WG2 Workshop in Paris

Working Group on Norms

14 December 2010
16:30 - 18:00

16:30 -16:45 Samhar Mahmood, “Metanorms, Learning and Topologies in Norm Emergence”
16:45-17:00 Stephen Cranefield
17: 00-17:15 Natalia Criado, “Towards a Normative BDI Architecture for Norm Compliance”
17:15 -17:30 Giulia Andrighetto and Daniel Villatoro, “Simulating the relative effects of punishment and sanction in the achievement of cooperation”
17:30-18:00 Discussion

- Metanorms, Learning and Topologies in Norm Emergence
Samhar Mahmood (Department of Informatics, King’s College, London)

Abstract:  Norms are a valuable mechanism for establishing coherent cooperative behaviour in decentralised systems in which no central authority exists. One of the most influential formulations of norm emergence was proposed by Axelrod, who defined a model of norms and metanorms that enables norm establishment in populations of self-interested individuals. However, our analysis of the model has shown that norms collapse in the long term. In addition, the assumption of a fully connected network of agents that is adopted by Axelrod is far from real computational system structures. In response, we have developed alternative techniques using reinforcement learning in the context of topological structures to improve the chances of norm emergence in real systems.

- Towards a Normative BDI Architecture for Norm Compliance
Natalia Criado (DSIC, Universidad Politecnica de Valencia, Spain)

Abstract: Norms have been employed as a coordination mechanism for Open MAS. However, norms must be recognized as norms by agents to become effective. These agents must be able to accept norms but maintaining their autonomy. Nevertheless, traditional BDI agent architectures only represent beliefs, intentions and desires. In this presentation, I will describe an extension of the BDI proposal in order to allow agents to take pragmatic autonomous decisions considering the existence of norms. Specifically, the multi-context BDI agent architecture has been extended which a recognition and a normative context in order to allow agents to acquire norms from their environment and consider norms in their decision making processes. In particular, coherence theory has been employed as a criterion for determining norm compliance.

- Simulating the relative effects of punishment and sanction in the achievement of cooperation
Giulia Andrighetto and Daniel Villatoro (EUI and ISTC, Italy; IIIA - Artificial Intelligence Research Institute CSIC, Spain)

Abstract. As specified by Axelrod in his seminal work ”An Evolutionary Approach to Norms”, punishment is a key mechanism in a self-regulated society to achieve the necessary social control and to impose certain norms. In this paper, we distinguish between punishment and sanction, focusing on the specific ways in which these two different mechanisms favor the emergence of cooperation and the spreading of social norms within a social system. To achieve this task, we have developed a normative agent able to recognize and impose on defectors either punishment and sanction, and have implemented an proof-of-concept simulation model to test our hypotheses.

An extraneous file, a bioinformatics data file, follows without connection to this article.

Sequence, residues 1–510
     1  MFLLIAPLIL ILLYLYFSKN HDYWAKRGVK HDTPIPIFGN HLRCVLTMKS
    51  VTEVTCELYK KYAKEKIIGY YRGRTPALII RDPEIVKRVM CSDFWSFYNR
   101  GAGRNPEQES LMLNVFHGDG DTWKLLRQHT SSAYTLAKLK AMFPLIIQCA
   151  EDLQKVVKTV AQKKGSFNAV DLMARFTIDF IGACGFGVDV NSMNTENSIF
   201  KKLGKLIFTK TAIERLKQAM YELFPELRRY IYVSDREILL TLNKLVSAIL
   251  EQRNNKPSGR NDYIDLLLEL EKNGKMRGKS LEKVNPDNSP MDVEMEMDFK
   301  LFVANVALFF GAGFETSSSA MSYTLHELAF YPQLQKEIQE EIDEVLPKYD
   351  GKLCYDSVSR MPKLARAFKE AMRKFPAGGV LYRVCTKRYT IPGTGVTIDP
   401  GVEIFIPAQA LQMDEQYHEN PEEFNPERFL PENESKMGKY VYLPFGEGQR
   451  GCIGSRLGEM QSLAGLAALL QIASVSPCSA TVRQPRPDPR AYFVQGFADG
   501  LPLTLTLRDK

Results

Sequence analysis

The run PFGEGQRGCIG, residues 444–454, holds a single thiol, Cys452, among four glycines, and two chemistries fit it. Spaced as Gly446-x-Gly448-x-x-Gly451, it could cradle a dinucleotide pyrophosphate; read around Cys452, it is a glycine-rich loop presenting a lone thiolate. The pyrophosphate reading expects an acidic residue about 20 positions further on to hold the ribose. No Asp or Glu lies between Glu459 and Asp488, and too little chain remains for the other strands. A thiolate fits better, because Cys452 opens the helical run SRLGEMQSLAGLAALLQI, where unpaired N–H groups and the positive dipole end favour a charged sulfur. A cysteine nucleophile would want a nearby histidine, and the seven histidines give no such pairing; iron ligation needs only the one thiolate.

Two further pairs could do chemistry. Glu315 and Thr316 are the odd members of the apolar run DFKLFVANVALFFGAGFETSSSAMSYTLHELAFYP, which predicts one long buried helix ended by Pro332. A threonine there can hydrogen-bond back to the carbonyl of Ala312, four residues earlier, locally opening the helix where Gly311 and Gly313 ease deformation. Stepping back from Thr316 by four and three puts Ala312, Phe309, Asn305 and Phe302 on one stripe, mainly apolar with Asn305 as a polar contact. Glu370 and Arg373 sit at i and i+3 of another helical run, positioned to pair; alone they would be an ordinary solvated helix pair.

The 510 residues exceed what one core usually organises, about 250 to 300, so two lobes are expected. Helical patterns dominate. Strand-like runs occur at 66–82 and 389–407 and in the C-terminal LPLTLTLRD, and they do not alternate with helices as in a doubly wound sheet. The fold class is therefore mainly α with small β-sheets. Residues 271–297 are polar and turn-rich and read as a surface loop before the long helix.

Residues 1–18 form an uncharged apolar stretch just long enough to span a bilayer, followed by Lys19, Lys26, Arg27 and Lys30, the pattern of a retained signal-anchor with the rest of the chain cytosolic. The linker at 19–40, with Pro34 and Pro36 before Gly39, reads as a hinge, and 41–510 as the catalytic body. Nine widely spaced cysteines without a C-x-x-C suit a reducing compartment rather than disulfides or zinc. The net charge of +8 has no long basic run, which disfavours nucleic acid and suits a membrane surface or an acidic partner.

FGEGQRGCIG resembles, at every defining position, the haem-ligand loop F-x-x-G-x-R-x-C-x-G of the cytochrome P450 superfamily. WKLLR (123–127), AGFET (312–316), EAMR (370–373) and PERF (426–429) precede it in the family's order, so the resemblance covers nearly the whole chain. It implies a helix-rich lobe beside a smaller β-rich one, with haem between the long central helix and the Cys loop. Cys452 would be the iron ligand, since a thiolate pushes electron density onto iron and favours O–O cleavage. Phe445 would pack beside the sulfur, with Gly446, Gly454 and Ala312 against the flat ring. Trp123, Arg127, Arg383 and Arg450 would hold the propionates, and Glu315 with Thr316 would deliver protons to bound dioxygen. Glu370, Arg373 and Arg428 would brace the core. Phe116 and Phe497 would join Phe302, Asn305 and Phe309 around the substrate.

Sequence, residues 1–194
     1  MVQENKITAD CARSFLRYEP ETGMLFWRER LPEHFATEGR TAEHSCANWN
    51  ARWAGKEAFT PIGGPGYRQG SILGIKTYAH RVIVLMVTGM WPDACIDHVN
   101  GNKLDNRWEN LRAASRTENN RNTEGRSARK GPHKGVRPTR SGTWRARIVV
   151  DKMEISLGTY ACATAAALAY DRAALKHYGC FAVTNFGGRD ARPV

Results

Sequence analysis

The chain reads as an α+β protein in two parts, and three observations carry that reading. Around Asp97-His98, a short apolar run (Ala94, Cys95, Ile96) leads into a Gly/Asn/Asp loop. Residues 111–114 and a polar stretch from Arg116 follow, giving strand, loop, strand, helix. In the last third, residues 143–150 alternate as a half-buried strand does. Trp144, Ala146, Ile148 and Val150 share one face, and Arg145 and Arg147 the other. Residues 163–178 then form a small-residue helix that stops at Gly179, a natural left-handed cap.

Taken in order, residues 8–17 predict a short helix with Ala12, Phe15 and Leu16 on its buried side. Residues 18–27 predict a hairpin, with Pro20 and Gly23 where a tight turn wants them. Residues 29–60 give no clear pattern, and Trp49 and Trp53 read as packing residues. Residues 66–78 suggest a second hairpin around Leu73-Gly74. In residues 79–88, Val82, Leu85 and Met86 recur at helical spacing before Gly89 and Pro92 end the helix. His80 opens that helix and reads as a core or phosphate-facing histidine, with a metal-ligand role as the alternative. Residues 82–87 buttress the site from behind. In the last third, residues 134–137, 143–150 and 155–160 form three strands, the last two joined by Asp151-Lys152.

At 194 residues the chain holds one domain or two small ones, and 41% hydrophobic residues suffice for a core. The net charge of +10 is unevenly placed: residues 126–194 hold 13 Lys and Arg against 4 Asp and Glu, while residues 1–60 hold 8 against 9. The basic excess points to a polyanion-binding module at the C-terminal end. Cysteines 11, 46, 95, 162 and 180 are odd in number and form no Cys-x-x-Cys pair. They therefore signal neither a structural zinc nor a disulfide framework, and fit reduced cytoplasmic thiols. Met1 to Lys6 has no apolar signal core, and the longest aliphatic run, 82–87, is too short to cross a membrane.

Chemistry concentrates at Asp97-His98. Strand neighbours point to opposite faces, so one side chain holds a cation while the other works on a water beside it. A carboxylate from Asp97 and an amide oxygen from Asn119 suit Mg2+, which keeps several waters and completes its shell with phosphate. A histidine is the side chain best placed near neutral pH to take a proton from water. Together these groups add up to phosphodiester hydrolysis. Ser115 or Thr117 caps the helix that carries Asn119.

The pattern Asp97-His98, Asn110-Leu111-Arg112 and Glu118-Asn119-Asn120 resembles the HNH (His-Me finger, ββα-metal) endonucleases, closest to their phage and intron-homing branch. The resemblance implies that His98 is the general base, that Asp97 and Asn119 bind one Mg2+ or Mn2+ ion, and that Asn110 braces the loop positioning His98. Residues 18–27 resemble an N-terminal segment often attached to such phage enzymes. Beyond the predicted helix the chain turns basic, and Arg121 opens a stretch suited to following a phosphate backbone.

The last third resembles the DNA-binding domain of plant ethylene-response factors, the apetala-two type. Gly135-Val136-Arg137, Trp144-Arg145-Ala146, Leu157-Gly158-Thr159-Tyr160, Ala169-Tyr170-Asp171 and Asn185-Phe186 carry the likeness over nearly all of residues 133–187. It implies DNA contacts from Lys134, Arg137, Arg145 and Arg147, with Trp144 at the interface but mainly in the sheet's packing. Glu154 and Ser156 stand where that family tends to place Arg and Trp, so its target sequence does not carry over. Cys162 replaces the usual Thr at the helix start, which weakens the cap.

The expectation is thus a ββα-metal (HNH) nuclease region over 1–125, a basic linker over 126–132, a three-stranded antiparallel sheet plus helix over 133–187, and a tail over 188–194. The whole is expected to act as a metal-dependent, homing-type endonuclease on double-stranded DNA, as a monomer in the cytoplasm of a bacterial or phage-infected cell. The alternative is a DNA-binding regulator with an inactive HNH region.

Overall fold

Towards virtual worlds as environments for norm emergence in mixed human/agent populations

Stephen Cranefield (University of Otago)

Techniques for designing and developing normative multi-agent systems are an active topic of research in the MAS community. However, most research assumes that the norms are provided by human designers, and the study of mechanisms for norm emergence is at an early stage. One difficulty in this area is a lack of common scenarios for experimentation. Another is a bootstrapping problem: in order for agents to learn norms, there must already be norms present in the environment or agents must be provided with the means to invent new norms and act on them. The researcher is then open to criticism for designing agents to learn norms that have been pre-engineering into the environment.

In this talk I will propose the use of virtual worlds such as Second Life to build environments for studies on norm emergence in multi-agent systems (as opposed to the related area of learning the norms already existing amongst human societies in those worlds). Building closed simulation environments in which both agent- and human-controlled avatars can interact via simple APIs (for agents) and head-up displays (for humans) would help to establish common scenarios for experimentation and to solve the bootstrapping problem: the humans can inject norms into the environment. It is hoped that subsequent discussion will help to determine the requirements for such a simulation environment in terms of simple but flexible support for agent sensing, acting, signalling, learning, evolution, etc. and population-level processes such as evolution.